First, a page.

Instead of realizing what was happening, our government clung to the shattered dictatorship of Hosni Mubarak. If it had come out immediately and wholeheartedly in favor of the revolution, it could, perhaps, have gained a foothold in Egyptian public opinion, which had come to detest Mubarak as a well-paid American lackey who helped Israel in starving a million and a half Arab brothers in the Gaza Strip.
Israeli intelligence did not realize that we were facing a historic earthquake that would change the region. Actually, it never foresees or understands events in the Arab world, being blinded by its contempt for Arabs.
The result was that Egyptian crowds attacked the Israeli embassy, forcing the ambassador and his staff to flee the country, and saboteurs repeatedly blew up the pipeline that transports Egyptian gas to Israel at very low prices (probably negotiated after due bribes were paid to the right people.)
People here are now saying that the Egyptian public has always been against the peace with Israel, through no fault of ours. That is quite untrue. I was in Cairo a few days after Anwar Sadat’s historic visit to Jerusalem and found the Egyptian capital delirious with joy. Countless Israelis have visited Egypt since then and have been received always and everywhere with utmost friendliness. It was only when Israel’s occupation of the Palestinian territories became more and more oppressive that Egyptians started to feel betrayed.
Lieberman and Co. have lost Turkey and are losing Egypt, our two stalwart allies in the region, and have insulted, humiliated, and trodden on the toes of a dozen other nations. But they have undoubtedly gained much prestige.
People who look for logic in politics often arrive at conspiracy theories.
When the present government coalition was set up, Lieberman asked for the ministries of immigrants’ absorption, justice, interior security (police), and foreign affairs.
Immigrants — that was natural. His voters are mainly immigrants from the former Soviet Union. Justice and police — also natural. The police are conducting an endless investigation against him concerning mysterious funds that he and his very young daughter have received from Eastern European sources.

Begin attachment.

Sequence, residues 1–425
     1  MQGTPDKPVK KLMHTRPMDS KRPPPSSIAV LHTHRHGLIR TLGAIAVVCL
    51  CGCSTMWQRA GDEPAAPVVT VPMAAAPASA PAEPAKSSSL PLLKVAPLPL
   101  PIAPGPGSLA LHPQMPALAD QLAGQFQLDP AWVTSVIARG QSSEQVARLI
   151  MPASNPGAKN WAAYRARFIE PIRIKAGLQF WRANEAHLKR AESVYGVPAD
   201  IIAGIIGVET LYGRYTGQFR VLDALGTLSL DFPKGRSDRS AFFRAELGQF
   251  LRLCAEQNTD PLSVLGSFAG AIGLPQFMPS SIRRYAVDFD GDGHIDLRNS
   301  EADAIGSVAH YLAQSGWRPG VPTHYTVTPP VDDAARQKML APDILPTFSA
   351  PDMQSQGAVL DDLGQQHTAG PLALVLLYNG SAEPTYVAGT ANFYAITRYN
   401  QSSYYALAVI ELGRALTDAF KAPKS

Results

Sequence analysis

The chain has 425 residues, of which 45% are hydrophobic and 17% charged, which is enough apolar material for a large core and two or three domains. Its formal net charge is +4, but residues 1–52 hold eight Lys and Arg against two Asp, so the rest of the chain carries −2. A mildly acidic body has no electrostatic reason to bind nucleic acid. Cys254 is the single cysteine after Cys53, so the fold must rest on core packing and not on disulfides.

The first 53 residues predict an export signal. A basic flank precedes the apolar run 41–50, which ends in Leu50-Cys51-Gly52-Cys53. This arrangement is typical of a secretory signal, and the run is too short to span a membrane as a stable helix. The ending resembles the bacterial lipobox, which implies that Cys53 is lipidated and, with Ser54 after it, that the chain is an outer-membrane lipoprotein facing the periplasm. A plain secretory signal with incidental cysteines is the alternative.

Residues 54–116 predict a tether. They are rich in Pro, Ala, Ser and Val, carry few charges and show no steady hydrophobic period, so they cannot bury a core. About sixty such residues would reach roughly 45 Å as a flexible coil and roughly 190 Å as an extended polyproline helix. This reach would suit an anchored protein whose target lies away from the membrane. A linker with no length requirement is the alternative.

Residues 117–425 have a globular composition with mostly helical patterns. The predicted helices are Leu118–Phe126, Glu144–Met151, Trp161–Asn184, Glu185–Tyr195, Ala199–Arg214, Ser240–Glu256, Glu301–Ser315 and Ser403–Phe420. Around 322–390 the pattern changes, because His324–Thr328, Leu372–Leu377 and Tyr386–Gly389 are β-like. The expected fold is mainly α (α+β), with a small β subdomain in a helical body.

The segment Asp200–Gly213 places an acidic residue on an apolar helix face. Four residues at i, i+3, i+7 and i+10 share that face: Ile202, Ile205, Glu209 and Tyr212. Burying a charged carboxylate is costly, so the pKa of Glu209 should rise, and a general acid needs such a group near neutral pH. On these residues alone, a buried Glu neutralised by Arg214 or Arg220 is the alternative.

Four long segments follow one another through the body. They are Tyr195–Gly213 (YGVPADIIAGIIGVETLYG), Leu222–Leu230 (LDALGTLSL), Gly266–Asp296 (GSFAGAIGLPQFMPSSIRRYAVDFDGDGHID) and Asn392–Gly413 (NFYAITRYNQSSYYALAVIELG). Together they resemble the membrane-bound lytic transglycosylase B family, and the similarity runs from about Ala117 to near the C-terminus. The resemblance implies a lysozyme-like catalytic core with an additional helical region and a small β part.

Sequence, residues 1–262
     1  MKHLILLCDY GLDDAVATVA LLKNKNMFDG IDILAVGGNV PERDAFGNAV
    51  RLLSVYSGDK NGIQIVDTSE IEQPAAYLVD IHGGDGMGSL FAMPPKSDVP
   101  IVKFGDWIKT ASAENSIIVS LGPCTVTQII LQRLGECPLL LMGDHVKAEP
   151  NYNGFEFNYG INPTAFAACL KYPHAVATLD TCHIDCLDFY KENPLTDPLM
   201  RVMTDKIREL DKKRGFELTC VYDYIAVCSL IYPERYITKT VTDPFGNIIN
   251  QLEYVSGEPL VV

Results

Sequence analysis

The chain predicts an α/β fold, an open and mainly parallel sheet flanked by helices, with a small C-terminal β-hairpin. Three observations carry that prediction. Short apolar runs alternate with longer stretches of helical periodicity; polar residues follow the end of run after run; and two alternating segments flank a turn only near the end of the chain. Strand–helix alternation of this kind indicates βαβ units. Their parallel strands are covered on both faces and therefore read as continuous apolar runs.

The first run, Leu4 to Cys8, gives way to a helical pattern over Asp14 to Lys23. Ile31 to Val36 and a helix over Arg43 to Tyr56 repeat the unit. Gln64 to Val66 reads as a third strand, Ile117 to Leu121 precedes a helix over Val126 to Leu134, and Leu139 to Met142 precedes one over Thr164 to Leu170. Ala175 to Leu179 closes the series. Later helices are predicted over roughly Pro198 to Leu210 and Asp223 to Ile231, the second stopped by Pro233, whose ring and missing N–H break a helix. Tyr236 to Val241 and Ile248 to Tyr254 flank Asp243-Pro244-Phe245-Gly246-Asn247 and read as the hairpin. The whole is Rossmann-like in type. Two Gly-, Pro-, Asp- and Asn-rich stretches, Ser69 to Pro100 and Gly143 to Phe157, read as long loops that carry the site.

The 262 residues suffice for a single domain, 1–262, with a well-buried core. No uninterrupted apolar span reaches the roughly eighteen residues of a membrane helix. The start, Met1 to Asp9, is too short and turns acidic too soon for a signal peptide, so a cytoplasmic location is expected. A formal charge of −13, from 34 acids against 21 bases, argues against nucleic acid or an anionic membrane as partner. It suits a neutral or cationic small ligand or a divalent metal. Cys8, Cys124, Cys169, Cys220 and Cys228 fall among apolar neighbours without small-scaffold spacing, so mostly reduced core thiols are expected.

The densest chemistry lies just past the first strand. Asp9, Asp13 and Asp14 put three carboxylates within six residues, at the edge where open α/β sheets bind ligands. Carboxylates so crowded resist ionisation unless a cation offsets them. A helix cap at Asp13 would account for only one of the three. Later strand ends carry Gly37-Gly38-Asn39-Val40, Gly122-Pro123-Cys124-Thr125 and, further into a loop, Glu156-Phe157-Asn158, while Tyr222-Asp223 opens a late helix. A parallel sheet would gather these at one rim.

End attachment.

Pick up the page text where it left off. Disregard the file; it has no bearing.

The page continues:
But the foreign office? What for? Why not the far more prestigious Ministry of Defense or the immensely powerful Finance Ministry?
One of my acquaintances has come up with a theory: what if the Russians…
Lieberman spends a lot of his time in Russia, Belarus, Ukraine, and his native Moldova. Who else but Russia has an interest in destroying the international standing of Israel, one of the closest allies of the United States? Wouldn’t it have been rational for Vladimir Putin to…
But that is, of course, a joke. Not only is Lieberman known as an upright Israeli patriot, so patriotic that no one can stand next to him, but no handler in Moscow would accept as his agent a man with shifty eyes who speaks with a thick Russian accent.
No, there must be another reason. But what?
A foreign journalist asked me the other day, “But what do they think?”
“They” — Netanyahu, Lieberman, et al. — are losing all our remaining friends, humiliating Barack Obama on the way. They sabotage the resumption of peace negotiations. They sprinkle settlements everywhere.
If the two-wtate solution is finally made impossible, what remains? A unified state from the Mediterranean to the Jordan? What kind of state would that be? They are dead set against a bi-national state, which would be the total negation of Zionism. An apartheid state? How long could that last?
The only “rational” alternative would be total ethnic cleansing, the driving out of 5.5 million Palestinians from the West Bank, the Gaza Strip, and Israel proper. Is that possible? Would the world tolerate it, unless it is distracted by an invasion from Mars?
The answer: “They” just don’t think very much at all. Israelis have been conditioned by their experience to think in the very short term. As the Americans say: “A statesman thinks about the next generation; a politician thinks about the next election.” Or as the Zionist leader Chaim Weizmann used to say: “The future will come and care for the future.”
There is no national debate, only a vague desire to keep everything. Rightist Zionists want to hold on to all of historical Palestine; leftist Zionists want to hold on to as much of it as possible. That’s as far as the thinking goes.
The ancient Hebrew sages said, “Who is the bravest hero? He who turns his enemy into a friend.” The modern sages who govern us have turned this around: “Who has the most prestige? He who turns his friend into an enemy.”